A Hotel For Married Lovers
When your husband of some years comes home one day with two elegant crystal champagne glasses and a bottle of Moet et Chandon, you get nervous. It is five months before your anniversary, three months after your birthday, and a surprise gift never appears unless preceeded by a catastrophic argument the night before. (Yesterday was quite peaceful.) Understand, this man is not an unemotional clod who watches TV in his undershirt, and you rarely greet him at the door in rollers and scuffies – but if passion is far from dead, it is not exactly quotidian. So what impromptu event is being heralded by champagne?
With the slyest of Brando smiles, Thomas tells me to prepare myself: In three weeks he will take me to someplace terrific. Now, that sounds promising. The last time he swept me off, it was to our favorite place in the world – Positano, Italy. (Of course, that was seven years ago, when we were living in Rome, so while the gesture was endearing, it was hardly extravagant.) Panic clutches me as I realize that my passport has definitely disappeared and probably expired. Someplace terrific has to require a passport when you live in the middle of Illinois, right?
Wrong. Someplace terrific, Thomas tell me, is twenty miles southwest of Chicago, smack in the suburbs – A romantic getaway called the “Sybaris”. The what? Well, he explains, it’s this unusual motel that has over-sized beds, mirrored ceilings, whirlpools, , and many other special features.
Special? Visions of whips, chains, and apparatus a choix dance in my head. I have read all of Nancy Friday’s compendiums of sexual fantasies, and even adopted some of the more warped for my personal repertoire, but that was fantasy – not the all-too-real sleaze of some tacky motel with built-in manacles on the bedposts.
Whom does Thomas think he is propositioning here? I am a woman with the poshest demographics – was raised in an affluent suburb, have lived in major European capitals, am addicted to designer handbags, and wear not a single garment containing polyester. The thought of driving to some shopping center to indulge n carnal acrobatics at a hotel for the horny is far to the left of my idea of bliss. “Carnal” we can get at home, if we really put our minds to it.
True, says Thomas, but when was the last time we did? Given the givens of children and phones and the insistent intrusions of real life, how likely is it that we will soon again? (He is beginning to score some irrefutable points,) The raison d’ etre of the Sybaris Inn is to simply recapture the romantic-erotic edge, Thomas insists. Ah, yes, I remember that romantic-erotic edge. It’s the first one to erode as a relationship eases into comfort and compatibility.
I have to admit that the Sybaris idea has merit, but still beset by suspicious of smarm, I decide to make inquiries of the local citizenry to see if any are Sybaritic veterans.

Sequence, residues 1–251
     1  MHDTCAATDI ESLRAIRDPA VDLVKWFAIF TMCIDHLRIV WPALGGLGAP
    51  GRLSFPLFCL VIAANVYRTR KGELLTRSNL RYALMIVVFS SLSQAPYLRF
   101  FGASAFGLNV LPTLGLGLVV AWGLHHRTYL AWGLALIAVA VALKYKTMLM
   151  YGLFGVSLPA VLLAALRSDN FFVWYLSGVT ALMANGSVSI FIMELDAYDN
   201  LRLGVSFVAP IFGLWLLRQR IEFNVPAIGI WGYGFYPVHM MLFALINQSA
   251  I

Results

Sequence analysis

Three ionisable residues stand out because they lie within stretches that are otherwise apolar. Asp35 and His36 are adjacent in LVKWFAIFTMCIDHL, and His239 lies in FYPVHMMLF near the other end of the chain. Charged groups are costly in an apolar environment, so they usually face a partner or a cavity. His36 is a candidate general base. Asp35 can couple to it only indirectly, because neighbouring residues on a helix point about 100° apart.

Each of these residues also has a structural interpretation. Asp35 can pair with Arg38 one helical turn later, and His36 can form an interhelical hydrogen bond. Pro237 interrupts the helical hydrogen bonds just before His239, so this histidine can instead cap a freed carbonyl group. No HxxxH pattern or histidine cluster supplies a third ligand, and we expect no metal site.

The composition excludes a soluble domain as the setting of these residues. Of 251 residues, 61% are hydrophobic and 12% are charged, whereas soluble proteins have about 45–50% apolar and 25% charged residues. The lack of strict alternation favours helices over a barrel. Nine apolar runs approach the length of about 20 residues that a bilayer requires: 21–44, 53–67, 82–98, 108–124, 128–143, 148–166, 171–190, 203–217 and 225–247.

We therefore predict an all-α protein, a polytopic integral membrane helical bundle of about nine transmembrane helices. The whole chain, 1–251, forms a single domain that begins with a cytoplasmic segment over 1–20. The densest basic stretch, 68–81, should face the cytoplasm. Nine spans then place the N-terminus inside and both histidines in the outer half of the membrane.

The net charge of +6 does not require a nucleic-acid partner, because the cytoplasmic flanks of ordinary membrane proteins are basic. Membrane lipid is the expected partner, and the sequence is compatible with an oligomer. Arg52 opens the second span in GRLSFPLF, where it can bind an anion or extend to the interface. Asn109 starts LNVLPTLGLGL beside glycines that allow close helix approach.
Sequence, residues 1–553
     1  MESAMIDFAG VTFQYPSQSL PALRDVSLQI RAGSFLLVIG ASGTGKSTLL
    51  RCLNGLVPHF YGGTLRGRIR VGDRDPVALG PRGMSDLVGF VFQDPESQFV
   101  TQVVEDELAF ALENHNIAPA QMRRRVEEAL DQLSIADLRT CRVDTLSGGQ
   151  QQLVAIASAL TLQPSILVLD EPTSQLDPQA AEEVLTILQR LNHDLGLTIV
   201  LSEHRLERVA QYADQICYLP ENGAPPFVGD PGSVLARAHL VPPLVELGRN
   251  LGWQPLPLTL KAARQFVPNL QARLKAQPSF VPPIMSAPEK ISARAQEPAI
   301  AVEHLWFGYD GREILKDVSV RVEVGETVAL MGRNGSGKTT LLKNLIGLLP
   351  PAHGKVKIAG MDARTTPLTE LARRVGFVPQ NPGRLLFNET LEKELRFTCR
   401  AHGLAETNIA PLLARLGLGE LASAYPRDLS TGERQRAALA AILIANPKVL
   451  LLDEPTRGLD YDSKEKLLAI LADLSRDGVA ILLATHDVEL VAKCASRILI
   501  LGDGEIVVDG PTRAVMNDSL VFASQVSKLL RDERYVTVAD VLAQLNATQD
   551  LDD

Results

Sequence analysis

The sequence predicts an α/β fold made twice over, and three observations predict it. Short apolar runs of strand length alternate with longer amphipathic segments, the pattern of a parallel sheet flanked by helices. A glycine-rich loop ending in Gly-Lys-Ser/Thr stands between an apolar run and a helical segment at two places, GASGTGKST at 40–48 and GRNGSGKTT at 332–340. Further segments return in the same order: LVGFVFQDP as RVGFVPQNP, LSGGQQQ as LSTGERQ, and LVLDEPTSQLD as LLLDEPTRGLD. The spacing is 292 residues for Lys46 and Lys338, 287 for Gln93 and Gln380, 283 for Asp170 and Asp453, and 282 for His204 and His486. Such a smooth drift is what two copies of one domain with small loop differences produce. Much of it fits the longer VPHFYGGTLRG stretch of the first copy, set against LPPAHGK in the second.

As it turns out, finding my veterans is a piece of cake. My plant-store lady knows a couple who’ve checked into the Sybaris several times, and we are not dealing with fringe types here: Myron is a stockbroker, Ilene a school teacher. They have three children, a Weber grill, and Myron returns home every evening on the 6:39 train. Ilene tells me they take Sybaris sabbaticals because the place offers such a nice conducive environment for sex. For me, the operative word is “nice”.
A week later, the nighttime news features the Sybaris Inn and its owner, Ken Knudson. For starters Knudson does not look like a modern-day Marquis de Sade. This is reassuring. He explains that Sybaris was an ancient Greek city, noted for dedication to pleasure and luxury, where beds were made of silver and mattresses were filled with rose petals. The purpose of his Sybaris is the same as in classical times – a plunge into sumptuous sensuality. I can’t tell from the TV image whether each room really is a “remote and voluptuous space capsule where couples can get back in touch with the love that brought them together.” That’s a direct quote. Knudson is one of those men who say “beautiful” a lot, but he seems terribly sincere about wanting every marriage to be terrific. He emphasizes that the Sybaris is a post marital operation, not a trysting spot for illicit duos. “People having affairs don’t need the Sybaris – all the excitement is already built-in. Anyway, the deluxe suites are reserved to provide a potential oasis of intimacy for even the most frazzled and overscheduled of husbands and wives.
Knudson’s earnestness absolutely negates any suspicions of smarm I’ve harbored, and his last story wins me over unconditionally: A seventy-year old man arrived one day clutching a newspaper clipping about the Sybaris. Clearing his throat, he inquired tentatively, “This the place with the waterbeds? Here’s my money – the missus and me want to take a try at one.”
Although Knudson had just raised the rate, he knocked it way down after hearing that the couple had put away five dollars a week until they saved enough. “These people wanted to come so badly…I don’t care if all they did on the bed was give each other a back rub.”